His next stop was Italy, via Argentina and Cyprus. By 1953 he had caught the attention of AC Milan. In his first half season he saw his team rally to finish 3rd in the league. After 19 games of the next, they were top of the league. However, Guttmann was in continual dispute with the directors of the club and was summarily dismissed. All of his future contracts would stipulate that his services may not be dispensed with as long as his club is leading the table. A memorable press conference followed, in which Guttmann baldly stated that he had been fired, “even though I am neither a criminal nor a homosexual. Goodbye.”

Milan’s loss was to be very much Brazil’s gain. Guttmann’s unlikely ticket to South America were Honved, who were looking for a coach to lead the team through a tour of Brazil. The country was in the process of building a dynasty that would culminate in five World Cup titles and some of the most electrifying football ever seen. Brazilian soccer of the time relied on a 3-4-3 formation, with a midfield diamond that gave the system its name – the diagonal. Guttmann, in company with a handful of other Hungarian coaches fleeing the grip of Soviet communism in their homeland, was central to its refinement to the Hungarian 4-2-4 formation.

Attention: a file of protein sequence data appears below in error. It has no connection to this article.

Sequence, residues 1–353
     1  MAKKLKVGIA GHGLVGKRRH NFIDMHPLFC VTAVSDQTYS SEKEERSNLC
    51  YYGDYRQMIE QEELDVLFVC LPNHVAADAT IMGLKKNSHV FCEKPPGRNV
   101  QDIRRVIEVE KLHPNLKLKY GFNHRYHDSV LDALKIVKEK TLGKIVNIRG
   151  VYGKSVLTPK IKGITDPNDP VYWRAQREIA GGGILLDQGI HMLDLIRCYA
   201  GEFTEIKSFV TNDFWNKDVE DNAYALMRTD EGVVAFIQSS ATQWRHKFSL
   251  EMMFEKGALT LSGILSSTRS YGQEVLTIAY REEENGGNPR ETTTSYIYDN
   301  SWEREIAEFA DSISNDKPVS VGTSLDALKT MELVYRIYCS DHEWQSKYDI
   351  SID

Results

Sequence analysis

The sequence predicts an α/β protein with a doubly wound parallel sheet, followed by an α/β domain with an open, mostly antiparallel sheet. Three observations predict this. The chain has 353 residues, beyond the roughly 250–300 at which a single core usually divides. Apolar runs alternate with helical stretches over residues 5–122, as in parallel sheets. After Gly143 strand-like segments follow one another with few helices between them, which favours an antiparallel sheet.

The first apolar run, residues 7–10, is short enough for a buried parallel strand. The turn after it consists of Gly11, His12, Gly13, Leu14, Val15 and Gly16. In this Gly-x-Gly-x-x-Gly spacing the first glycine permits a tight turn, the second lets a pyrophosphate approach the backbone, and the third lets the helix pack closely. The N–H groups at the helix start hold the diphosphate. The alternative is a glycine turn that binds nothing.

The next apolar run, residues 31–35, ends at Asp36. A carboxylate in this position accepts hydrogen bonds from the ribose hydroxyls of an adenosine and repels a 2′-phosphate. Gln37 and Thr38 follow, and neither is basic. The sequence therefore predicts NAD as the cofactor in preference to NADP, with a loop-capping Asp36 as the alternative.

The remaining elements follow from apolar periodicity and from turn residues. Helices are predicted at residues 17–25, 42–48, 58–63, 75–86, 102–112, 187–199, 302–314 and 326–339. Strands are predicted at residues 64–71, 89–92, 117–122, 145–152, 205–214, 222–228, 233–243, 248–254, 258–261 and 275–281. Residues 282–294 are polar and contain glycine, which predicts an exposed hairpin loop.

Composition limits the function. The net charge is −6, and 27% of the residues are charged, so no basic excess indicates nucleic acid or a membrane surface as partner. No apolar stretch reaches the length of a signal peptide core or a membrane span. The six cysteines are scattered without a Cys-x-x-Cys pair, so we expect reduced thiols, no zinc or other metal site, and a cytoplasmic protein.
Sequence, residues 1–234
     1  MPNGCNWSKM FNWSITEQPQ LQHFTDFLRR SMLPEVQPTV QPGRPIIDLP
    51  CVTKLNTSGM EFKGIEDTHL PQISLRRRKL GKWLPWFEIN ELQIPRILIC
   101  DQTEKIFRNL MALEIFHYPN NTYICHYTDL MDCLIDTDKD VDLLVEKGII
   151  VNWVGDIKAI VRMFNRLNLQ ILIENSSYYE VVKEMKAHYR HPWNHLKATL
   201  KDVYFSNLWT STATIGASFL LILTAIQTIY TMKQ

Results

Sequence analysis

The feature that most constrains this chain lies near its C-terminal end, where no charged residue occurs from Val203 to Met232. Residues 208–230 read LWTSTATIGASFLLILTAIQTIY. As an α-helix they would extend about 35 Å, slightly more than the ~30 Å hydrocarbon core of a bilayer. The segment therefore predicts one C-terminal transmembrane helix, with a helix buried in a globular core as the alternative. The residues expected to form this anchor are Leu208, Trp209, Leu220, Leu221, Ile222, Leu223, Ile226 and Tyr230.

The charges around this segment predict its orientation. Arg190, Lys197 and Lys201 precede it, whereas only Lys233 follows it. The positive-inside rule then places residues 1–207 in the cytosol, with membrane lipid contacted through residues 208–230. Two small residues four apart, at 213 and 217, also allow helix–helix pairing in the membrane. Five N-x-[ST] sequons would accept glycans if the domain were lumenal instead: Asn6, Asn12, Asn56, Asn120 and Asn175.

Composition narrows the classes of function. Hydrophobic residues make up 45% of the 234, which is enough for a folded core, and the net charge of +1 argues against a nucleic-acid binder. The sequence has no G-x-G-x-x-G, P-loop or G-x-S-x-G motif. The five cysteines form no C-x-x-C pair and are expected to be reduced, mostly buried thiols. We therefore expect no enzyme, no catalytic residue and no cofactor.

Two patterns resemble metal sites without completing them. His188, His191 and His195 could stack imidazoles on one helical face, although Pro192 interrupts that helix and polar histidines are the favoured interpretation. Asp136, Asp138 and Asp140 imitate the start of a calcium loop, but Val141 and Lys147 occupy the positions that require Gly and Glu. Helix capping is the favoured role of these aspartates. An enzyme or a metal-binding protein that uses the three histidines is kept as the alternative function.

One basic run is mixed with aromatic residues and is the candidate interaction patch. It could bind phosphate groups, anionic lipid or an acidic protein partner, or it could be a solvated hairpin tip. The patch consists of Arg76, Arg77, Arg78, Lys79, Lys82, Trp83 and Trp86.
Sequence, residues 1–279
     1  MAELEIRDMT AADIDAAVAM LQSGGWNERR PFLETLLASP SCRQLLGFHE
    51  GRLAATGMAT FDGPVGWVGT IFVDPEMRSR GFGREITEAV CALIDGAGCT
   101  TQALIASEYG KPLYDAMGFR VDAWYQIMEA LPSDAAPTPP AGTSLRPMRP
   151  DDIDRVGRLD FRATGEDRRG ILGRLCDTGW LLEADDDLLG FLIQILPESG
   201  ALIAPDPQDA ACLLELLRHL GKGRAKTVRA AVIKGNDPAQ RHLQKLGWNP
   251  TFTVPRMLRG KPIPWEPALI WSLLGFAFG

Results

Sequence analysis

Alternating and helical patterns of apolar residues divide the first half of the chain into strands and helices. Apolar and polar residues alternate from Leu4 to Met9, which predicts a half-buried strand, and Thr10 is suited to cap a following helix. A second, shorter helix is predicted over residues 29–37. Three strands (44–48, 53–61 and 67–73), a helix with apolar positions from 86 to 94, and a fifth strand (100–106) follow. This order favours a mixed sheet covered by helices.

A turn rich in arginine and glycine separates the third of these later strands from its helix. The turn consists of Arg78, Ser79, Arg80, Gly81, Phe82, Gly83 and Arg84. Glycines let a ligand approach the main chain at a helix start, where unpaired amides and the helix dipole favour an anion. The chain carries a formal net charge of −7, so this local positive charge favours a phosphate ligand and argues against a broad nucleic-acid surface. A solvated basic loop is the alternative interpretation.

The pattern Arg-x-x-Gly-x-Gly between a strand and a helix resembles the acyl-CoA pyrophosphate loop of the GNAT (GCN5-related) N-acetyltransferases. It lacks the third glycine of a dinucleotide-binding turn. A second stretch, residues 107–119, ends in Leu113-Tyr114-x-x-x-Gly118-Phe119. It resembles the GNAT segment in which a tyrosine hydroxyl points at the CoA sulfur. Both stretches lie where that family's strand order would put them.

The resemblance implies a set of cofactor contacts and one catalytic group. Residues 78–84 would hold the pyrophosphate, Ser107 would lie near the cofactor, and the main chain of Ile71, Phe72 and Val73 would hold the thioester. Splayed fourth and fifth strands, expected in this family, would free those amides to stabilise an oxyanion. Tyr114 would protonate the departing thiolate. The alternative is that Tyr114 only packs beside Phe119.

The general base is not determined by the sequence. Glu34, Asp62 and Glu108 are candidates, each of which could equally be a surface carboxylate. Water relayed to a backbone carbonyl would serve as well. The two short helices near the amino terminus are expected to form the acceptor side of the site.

Guttmann’s greatest gift to the Brazilian game, however, was less shape and more in style. Before Guttmann, Brazilian teams relied on dribblers and individualists to open up games and create opportunities. It was Guttmann, ironically one of the most marked individualists in the history of professional soccer, who would stress the importance of passing and teamwork. Moving the ball quickly and directly became the order of the day. His training ground catchphrases: “tat-tat-tat” and “ping-pang-pong” became mantras. Brazilian formations were naturally evolving towards 4-2-4 even without the Hungarian influence. However, without Guttmann, their game may never have fully harnessed the excesses of the traditional Brazilian running game that threatened to hold back their development on the global stage. It is arguable that Guttmann laid the foundation for the transcendence of the 1970 World Cup-winning team.